I’m close to the end of my current first draft of the memoir, which appears to have declared itself to be a three-part opus. Too many events have happened in eighty-one years to be crammed into one volume. This first section climaxes with the discovery that our dream of parenthood, after years of learning to accept that it would never happen, happened. Two years later came our painful recognition that the theatre company we’d left our planned academic career to embrace was not, could not be the core of the rest of our theatrical life. In the process of being rocked by that grief of separation, another baby began, born into the cold Chicago winter of our first year as a solo duo, and the rest of our life’s pattern was set.
In 1971 we’d learned that Conrad’s faculty position would not be renewed, and quickly decided not to look for another academic post. The theatre collective we’d helped bring into being showed promise of finding a life, and indeed Theatre X had a thirty-five year run. March 4, 1972 was the grand opening of the building that became our theatrical home, the very public declaration that this was our committed path. That same night, fertility blessed our choice.
What followed was a local season of new work and an ever-growing roster of touring performances. Our creative work was the company’s core, but in order to be able to put full-time work into that very demanding process, salaries were essential. Salaries meant money. Money meant touring. We worked on self-promotion, and some college-circuit showcases turbocharged our efforts. At the beginning of 1974, we cashed in with a ten-week tour of Wisconsin, Michigan, Ohio, Pennsylvania, and West Virginia, and made a lot of money. But it was seven people and a toddler in a van for two and a half months. You can’t make new work under those conditions.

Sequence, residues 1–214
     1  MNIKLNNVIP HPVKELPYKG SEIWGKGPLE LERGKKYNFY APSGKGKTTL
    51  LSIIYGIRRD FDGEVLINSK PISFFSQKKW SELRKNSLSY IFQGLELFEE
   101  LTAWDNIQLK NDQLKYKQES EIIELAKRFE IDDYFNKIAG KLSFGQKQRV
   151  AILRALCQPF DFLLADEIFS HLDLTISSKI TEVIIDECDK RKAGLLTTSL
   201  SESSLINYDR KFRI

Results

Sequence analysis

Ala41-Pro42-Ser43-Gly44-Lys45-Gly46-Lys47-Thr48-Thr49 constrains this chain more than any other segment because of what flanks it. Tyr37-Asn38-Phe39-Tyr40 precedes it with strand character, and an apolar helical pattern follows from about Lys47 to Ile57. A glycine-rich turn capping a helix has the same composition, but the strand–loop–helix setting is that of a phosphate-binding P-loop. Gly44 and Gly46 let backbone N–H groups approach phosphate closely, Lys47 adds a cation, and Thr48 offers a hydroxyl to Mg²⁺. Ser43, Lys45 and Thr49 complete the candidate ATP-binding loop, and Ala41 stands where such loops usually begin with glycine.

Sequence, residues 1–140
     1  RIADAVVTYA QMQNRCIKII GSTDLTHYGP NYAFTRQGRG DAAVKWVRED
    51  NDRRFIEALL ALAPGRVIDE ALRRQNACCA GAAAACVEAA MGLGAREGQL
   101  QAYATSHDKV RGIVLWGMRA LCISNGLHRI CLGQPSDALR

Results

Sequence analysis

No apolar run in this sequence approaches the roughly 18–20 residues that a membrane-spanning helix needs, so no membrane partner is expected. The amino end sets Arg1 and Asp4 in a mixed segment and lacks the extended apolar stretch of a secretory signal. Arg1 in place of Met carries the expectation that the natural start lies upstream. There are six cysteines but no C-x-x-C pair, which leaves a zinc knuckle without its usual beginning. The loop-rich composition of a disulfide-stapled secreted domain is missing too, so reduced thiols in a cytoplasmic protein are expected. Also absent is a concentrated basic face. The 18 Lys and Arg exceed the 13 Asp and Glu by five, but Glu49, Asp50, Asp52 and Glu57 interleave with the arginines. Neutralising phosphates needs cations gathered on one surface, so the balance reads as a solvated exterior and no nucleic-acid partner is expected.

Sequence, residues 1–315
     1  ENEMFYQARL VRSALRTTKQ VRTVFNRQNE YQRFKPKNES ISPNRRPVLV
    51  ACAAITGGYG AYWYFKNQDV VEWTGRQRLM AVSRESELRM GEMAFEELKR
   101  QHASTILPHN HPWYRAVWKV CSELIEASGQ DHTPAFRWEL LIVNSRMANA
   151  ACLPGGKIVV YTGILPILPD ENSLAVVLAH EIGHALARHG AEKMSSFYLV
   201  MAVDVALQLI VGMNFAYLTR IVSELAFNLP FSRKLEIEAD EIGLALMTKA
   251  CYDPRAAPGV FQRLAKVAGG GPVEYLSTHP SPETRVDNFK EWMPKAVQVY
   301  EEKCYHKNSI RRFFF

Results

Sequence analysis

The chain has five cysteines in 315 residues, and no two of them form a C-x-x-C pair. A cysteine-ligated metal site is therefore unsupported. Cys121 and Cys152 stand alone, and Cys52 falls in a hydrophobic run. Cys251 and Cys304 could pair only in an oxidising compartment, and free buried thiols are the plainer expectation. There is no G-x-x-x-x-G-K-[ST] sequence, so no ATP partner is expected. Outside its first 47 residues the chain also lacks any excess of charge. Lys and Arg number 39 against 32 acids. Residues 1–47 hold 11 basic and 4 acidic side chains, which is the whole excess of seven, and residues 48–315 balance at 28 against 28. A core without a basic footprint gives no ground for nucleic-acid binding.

With one exception. In West Virginia, we made another baby.
So I’ve been thinking a lot about conception. What opens the gates? Our first time, it was in-your-face obvious. Our whole life together, up until then, had been single-mindedly focused on going as fast as possible toward the Ph.D. and the faculty jobs to follow. It was damned hard work but it was right—until it wasn’t. Being part of a collective that made significant new theatre cast a harsh light on the reality of academia: cranking out productions that lived for five nights and vanished, cranking out students with degrees and no work. We found ourselves willing to set sail into a life for which no Ph.D. prepared us, and once there was no going back, life said, “OK. You’re ready now.”
I was astonished. I’m still astonished. Remembering the doctor saying, “You’re probably about six weeks.” Remembering the quickening, bored silly on a ferryboat ride across Lake Michigan and suddenly feeling that tiny flutter. Remembering how it feels to have the milk come in.
And most of all, marveling at these two miracles, offering themselves just as we were caught in our lives’ most turbulent white water. Conceiving as we were reconceiving ourselves.